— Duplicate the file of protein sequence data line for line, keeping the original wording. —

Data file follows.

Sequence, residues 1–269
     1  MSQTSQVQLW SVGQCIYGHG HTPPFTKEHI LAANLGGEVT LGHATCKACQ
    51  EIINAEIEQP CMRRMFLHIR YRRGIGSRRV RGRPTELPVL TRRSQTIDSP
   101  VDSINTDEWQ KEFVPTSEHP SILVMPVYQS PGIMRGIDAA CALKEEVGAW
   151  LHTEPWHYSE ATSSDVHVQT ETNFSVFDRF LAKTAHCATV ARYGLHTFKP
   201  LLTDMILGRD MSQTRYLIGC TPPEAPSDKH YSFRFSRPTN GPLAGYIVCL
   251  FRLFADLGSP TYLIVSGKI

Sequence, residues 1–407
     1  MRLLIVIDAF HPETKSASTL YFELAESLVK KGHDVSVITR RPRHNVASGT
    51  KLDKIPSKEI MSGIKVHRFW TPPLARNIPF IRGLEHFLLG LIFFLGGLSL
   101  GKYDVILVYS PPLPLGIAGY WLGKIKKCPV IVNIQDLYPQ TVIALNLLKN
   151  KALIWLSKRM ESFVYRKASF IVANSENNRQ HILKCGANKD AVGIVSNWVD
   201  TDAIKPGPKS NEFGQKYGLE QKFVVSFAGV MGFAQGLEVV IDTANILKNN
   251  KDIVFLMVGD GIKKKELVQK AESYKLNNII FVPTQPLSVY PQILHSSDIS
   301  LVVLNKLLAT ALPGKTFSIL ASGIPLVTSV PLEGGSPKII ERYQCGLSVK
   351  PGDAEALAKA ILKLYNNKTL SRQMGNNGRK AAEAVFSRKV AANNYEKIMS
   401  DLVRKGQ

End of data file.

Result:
Sequence, residues 1–269
     1  MSQTSQVQLW SVGQCIYGHG HTPPFTKEHI LAANLGGEVT LGHATCKACQ
    51  EIINAEIEQP CMRRMFLHIR YRRGIGSRRV RGRPTELPVL TRRSQTIDSP
   101  VDSINTDEWQ KEFVPTSEHP SILVMPVYQS PGIMRGIDAA CALKEEVGAW
   151  LHTEPWHYSE ATSSDVHVQT ETNFSVFDRF LAKTAHCATV ARYGLHTFKP
   201  LLTDMILGRD MSQTRYLIGC TPPEAPSDKH YSFRFSRPTN GPLAGYIVCL
   251  FRLFADLGSP TYLIVSGKI

Sequence, residues 1–407
     1  MRLLIVIDAF HPETKSASTL YFELAESLVK KGHDVSVITR RPRHNVASGT
    51  KLDKIPSKEI MSGIKVHRFW TPPLARNIPF IRGLEHFLLG LIFFLGGLSL
   101  GKYDVILVYS PPLPLGIAGY WLGKIKKCPV IVNIQDLYPQ TVIALNLLKN
   151  KALIWLSKRM ESFVYRKASF IVANSENNRQ HILKCGANKD AVGIVSNWVD
   201  TDAIKPGPKS NEFGQKYGLE QKFVVSFAGV MGFAQGLEVV IDTANILKNN
   251  KDIVFLMVGD GIKKKELVQK AESYKLNNII FVPTQPLSVY PQILHSSDIS
   301  LVVLNKLLAT ALPGKTFSIL ASGIPLVTSV PLEGGSPKII ERYQCGLSVK
   351  PGDAEALAKA ILKLYNNKTL SRQMGNNGRK AAEAVFSRKV AANNYEKIMS
   401  DLVRKGQ